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Volume 21 Issue 3 (March 2011)

GSA Today

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Article, pp. 4-11 | Full Text | PDF (1.6MB)

The case for a Neoproterozoic Oxygenation Event: Geochemical evidence and biological consequences

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Graham Shields-Zhou1*, Lawrence Och2*

1 Dept. of Earth Sciences, University College London, Gower Street, London WC1E 6BT, UK, and LPS, Nanjing Institute of Geology and Palaeontology (NIGPAS), Chinese Academy of Sciences, 39 East Beijing Road, Nanjing 210008, China
2 Dept. of Earth Sciences, University College London, Gower Street, London WC1E 6BT, UK


The Neoproterozoic era marked a turning point in the development of the modern earth system. The irreversible environmental changes of that time were rooted in tectonic upheavals that drove chain reactions between the oceans, atmosphere, climate, and life. Key biological innovations took place amid carbon cycle instability that pushed climate to unprecedented extremes and resulted in the ventilation of the deep ocean. Despite a dearth of supporting evidence, it is commonly presumed that a rise in oxygen triggered the evolution of animals. Although geochemical evidence for oxygenation is now convincing, our understanding of the Neoproterozoic earth system and of early animal evolution has changed apace, revealing an altogether more complicated picture in which the spread of anoxia played an important role. The challenge to future researchers lies in unraveling the complex entanglement of earth system changes during this pivotal episode in Earth’s history.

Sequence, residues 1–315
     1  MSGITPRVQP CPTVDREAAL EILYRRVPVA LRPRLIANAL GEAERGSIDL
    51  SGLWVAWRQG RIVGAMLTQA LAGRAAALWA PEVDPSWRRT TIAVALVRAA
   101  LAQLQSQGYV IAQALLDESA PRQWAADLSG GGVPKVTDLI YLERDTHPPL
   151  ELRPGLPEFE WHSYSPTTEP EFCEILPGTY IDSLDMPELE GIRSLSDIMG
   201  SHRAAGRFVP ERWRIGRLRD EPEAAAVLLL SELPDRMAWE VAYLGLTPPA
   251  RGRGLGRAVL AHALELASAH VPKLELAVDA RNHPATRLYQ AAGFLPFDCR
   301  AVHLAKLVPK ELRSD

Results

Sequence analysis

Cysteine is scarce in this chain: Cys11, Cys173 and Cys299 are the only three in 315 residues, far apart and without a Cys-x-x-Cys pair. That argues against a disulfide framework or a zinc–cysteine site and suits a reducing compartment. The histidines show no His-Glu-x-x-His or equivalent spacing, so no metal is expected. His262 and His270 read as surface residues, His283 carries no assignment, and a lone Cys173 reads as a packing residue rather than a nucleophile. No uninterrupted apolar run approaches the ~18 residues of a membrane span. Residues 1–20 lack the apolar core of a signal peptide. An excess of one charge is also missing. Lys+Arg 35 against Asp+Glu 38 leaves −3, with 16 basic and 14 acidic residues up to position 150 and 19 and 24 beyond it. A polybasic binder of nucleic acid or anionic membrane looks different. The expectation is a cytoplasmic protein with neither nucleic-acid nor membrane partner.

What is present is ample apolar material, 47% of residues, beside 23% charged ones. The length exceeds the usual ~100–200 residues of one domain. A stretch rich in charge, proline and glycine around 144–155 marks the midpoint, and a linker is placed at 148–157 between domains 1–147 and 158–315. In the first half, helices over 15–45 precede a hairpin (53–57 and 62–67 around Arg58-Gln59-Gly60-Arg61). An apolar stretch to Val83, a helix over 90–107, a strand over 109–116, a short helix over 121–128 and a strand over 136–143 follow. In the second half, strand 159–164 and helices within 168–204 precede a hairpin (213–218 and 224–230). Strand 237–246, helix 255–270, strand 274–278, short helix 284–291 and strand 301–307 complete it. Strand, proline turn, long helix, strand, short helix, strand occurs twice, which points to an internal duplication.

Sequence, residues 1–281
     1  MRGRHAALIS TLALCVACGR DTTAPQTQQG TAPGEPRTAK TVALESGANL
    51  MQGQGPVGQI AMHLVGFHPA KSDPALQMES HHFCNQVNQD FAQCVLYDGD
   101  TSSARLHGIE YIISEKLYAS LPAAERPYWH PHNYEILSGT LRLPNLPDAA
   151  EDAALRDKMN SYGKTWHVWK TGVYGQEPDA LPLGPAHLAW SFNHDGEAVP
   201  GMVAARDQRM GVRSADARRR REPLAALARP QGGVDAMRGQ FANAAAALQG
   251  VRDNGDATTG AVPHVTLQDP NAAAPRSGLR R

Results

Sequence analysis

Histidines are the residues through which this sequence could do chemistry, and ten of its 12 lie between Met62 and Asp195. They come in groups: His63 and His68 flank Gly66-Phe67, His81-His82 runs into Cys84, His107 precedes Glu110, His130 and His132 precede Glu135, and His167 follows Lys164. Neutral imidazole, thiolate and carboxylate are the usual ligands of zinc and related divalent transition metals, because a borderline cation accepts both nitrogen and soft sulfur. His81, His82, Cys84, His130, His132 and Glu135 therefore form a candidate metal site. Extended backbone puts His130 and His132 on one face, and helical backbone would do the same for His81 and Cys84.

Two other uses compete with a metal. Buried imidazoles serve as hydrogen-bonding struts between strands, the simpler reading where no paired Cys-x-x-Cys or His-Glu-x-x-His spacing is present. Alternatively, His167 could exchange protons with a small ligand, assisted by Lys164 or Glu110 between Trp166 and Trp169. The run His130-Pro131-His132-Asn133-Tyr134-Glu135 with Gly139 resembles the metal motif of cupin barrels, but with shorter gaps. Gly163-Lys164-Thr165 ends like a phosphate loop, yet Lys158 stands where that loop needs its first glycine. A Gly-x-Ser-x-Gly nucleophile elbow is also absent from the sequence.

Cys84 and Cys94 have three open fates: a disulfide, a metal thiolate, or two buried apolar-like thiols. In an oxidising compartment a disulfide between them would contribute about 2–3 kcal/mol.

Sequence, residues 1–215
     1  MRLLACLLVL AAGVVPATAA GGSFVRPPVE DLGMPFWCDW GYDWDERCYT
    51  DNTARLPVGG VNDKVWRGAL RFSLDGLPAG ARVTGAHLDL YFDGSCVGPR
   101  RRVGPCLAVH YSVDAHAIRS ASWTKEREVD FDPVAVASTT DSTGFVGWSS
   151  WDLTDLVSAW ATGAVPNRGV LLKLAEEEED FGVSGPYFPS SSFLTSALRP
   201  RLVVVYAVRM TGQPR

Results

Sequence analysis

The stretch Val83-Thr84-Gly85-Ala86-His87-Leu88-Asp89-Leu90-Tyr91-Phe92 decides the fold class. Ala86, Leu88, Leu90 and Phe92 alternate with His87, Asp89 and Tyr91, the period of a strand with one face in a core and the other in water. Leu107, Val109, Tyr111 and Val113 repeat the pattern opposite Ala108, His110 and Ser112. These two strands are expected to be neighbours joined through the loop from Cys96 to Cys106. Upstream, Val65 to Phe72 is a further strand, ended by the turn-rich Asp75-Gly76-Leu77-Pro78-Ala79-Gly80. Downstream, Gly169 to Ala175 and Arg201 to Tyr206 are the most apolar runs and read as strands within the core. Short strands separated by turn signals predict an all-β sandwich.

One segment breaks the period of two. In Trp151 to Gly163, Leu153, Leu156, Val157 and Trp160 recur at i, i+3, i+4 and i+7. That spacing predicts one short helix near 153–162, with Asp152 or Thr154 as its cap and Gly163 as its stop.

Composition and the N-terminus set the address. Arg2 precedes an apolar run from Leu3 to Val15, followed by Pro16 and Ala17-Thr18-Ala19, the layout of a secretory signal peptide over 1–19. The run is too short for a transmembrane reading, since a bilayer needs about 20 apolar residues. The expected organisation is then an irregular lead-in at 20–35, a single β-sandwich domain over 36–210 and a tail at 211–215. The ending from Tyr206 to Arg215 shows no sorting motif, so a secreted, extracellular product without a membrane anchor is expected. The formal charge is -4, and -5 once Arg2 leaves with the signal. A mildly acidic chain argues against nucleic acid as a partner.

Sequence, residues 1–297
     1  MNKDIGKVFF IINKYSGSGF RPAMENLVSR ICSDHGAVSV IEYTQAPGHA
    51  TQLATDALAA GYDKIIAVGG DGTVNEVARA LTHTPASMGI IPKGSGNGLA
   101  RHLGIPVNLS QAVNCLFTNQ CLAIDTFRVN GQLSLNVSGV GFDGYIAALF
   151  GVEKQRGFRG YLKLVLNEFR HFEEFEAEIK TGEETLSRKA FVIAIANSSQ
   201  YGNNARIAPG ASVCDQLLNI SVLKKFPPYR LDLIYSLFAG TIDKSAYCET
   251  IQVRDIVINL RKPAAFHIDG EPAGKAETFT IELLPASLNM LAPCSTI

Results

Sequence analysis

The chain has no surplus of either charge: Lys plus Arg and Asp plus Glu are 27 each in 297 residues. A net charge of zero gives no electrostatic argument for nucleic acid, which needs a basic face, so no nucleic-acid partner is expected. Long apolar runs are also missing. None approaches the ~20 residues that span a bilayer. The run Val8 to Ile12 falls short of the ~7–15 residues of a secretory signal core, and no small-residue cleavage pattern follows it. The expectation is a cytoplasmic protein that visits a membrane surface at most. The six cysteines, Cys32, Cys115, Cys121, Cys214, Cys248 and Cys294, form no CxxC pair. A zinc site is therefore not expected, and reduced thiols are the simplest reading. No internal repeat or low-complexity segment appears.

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Manuscript received 5 May 2010; accepted 16 June 2010

DOI: 10.1130/GSATG102A.1